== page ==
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NEWS | Oct. 4, 2016

JBSA domestic violence awareness breaks silence

Joint Base San Antonio-Randolph Public Affairs

Landmarks at Joint Base San Antonio locations are bathed in purple light every night this month to raise awareness of a problem that impacts lives and can have a detrimental effect on military families as well as mission readiness.

Purple is the color of Domestic Violence Prevention and Awareness Month, which is being observed at JBSA with the theme “Break the Silence, Stop the Violence.”

The main event for JBSA’s observance, the Domestic
Violence Awareness 5K Run/Walk, is set for 8:30 a.m. Oct. 22 at the JBSA-Fort Sam Houston Community Aquatic Center, 3548 Williams Way. Registration, which is free, will begin at 7:45 a.m.

“We’re asking runners and walkers to wear purple tops to raise awareness of domestic violence,” said Angela Nance, 359th Medical Operations Squadron Family Advocacy Program intervention specialist. “We will also be collecting new baby clothes, white towels, white twin-size sheets, new socks and new underwear for women and children of all sizes to donate to shelters for women and children in Bexar County.”

The color purple is illuminating JBSA landmarks, including the water tower off Winans Road and the Navy Medicine Education & Training Command headquarters at JBSA-Fort Sam Houston; the Wilford Hall Ambulatory Surgical Center, Air Force Postgraduate Dental School and Clinic, and 37th Training Group, building 9225, at JBSA-Lackland; and the Taj Mahal at JBSA-Randolph.

Brig. Gen. Heather Pringle, 502nd Air Base Wing and JBSA commander, set the tone for JBSA’s observance of Domestic Violence Prevention and Awareness Month by signing a proclamation Sept. 13 that described domestic violence as “an intolerable crime with devastating safety and health implications for every individual in the Joint Base San Antonio community, be they a victim, family member, loved one, friend or co-worker of a victim.”

The proclamation “shows everyone how important this topic is and reminds victims they are not alone and help is available,” said Norma Leal, JBSA-Fort Sam Houston FAP outreach manager.

“As outreach manager, I try to spread this message to as many people as possible,” she said. “By connecting with other programs and events, we can make ourselves more visible and more available to assist those who are seeking help.”

Domestic violence is so prevalent that a Centers for Disease Control and Prevention survey in 2011 estimated 22 percent of women and 14 percent of men experience severe physical violence by an intimate partner.

It not only affects families and couples, but the Air Force mission and the JBSA community, said James Price, 59th Medical Wing FAP outreach manager.

“Domestic Violence Prevention and Awareness Month is an opportunity for the military units and civilian organizations to connect with the community through meaningful outreach and awareness-raising events,” he said. “We are hoping the awareness campaign activities will strengthen our community and let those who are seeking guidance or help know that assistance is just a phone call away.”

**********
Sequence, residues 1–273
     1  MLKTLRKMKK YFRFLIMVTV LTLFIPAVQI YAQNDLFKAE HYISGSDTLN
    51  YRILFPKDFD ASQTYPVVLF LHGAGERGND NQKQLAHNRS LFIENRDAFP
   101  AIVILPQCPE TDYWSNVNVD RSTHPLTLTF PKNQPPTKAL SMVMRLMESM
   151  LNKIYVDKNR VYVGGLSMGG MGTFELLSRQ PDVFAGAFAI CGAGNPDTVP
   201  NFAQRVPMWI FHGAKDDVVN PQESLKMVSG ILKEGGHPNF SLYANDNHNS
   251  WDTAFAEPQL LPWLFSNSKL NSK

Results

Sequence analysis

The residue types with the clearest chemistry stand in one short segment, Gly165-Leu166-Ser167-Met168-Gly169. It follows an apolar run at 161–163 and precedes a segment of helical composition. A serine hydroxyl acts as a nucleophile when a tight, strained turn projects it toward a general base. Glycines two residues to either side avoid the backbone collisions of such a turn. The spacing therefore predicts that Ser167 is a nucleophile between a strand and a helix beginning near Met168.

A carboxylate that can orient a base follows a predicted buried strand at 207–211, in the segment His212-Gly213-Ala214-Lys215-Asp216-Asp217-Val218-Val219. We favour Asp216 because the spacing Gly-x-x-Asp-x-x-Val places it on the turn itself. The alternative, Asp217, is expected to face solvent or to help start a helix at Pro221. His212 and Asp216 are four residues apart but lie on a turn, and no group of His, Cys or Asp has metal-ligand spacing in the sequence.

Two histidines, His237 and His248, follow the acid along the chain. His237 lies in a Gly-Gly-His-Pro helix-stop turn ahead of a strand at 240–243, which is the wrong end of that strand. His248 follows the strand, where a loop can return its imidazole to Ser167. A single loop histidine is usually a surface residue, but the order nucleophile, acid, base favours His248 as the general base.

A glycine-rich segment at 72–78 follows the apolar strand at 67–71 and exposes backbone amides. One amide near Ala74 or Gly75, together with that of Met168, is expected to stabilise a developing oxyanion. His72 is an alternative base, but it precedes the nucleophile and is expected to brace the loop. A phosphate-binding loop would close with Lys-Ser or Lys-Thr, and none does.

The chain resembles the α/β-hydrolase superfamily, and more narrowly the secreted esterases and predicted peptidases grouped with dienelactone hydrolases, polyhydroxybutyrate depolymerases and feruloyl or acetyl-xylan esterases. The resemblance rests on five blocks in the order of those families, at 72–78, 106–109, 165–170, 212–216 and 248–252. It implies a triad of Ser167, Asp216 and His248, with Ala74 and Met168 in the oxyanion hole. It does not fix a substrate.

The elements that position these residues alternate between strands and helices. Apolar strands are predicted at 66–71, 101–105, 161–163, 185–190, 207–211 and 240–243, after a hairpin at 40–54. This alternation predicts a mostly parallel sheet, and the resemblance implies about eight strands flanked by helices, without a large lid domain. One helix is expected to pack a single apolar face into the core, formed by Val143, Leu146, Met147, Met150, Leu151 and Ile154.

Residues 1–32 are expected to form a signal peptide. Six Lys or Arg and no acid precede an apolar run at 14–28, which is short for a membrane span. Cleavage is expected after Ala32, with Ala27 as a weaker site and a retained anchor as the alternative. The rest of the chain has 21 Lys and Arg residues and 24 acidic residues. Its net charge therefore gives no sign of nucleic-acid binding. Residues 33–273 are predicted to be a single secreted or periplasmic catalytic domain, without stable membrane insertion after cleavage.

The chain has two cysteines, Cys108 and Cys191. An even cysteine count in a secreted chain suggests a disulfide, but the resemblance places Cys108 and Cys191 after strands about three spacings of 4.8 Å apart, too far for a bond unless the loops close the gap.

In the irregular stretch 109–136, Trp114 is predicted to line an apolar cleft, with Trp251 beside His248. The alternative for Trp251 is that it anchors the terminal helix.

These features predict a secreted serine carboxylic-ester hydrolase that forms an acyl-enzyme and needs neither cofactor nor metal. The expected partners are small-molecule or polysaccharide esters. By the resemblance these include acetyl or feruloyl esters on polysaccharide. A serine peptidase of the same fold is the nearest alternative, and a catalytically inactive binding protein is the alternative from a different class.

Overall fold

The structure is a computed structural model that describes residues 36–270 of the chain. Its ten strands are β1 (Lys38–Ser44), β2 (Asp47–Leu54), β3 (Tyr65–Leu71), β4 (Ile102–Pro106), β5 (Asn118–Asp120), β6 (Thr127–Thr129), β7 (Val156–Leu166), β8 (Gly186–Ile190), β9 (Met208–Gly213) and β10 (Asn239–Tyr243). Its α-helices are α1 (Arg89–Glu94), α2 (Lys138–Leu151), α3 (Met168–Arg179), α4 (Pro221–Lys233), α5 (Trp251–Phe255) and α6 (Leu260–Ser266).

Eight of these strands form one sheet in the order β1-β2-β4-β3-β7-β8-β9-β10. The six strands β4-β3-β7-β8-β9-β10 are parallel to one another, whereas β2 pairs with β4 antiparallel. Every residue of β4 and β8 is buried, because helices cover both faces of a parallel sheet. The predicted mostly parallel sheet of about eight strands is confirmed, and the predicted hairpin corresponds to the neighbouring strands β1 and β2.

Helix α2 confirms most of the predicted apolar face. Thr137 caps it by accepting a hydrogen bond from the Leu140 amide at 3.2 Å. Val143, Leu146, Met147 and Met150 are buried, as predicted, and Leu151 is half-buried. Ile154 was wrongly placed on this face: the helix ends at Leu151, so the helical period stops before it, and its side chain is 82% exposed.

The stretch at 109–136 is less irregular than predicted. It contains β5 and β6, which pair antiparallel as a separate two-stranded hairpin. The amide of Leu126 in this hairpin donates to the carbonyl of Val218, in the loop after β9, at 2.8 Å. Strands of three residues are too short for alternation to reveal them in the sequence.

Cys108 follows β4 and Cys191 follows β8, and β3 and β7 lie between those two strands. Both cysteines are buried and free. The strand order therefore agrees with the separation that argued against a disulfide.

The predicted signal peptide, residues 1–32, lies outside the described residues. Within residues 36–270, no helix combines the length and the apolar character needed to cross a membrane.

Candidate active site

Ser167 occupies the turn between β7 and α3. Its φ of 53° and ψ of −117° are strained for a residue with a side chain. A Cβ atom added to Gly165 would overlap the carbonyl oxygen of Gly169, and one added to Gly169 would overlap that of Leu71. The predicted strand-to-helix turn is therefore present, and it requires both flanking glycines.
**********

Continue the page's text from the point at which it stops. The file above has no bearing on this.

“The most important thing to get across to possible victims of domestic violence is that you are not alone,” Price said. “There are many agencies in your corner.”

National Night Out activities Oct. 4 at JBSA locations provided another opportunity for family advocacy representatives to raise awareness of domestic violence.

At National Night Out, the FAP’s domestic abuse victim advocates, or DAVAs, led an art project, “I Can, We Can,” created by the nonprofit organization A Window Between Worlds, which uses art as a healing tool to empower and transform individuals and communities impacted by domestic violence. Participants decorated a cutout of a hand and included messages of hope and support, Price said.

“It’s an art project created by A Window Between Worlds to connect and unite communities for greater awareness and prevention of domestic violence,” he said.

The month’s activities also includes information tables at various sites throughout JBSA.

“We always try to provide educational materials, but during this month we like to have an information blitz and set up tables throughout the base with information that people can pick up,” Leal said. “We also like to highlight the positive aspects of our program such as prevention. We offer a class that can give support to families before an incident occurs. We aren’t trying to catch maltreatment, but rather prevent it and address it when prevention isn’t possible.”

FAP representatives – including intervention specialists, treatment managers and outreach managers – work year-round with military members and their families to prevent and address domestic violence, but the October observance provides them with a special opportunity to connect with the JBSA community.

“We know abuse can take many forms – physical, emotional, sexual and neglect,” said Nance, intervention specialist who responds to reports of child and spouse or intimate partner maltreatment involving active-duty members and their spouses. “We really want to get the word out about the services, programs and classes we offer to prevent abuse from occurring.”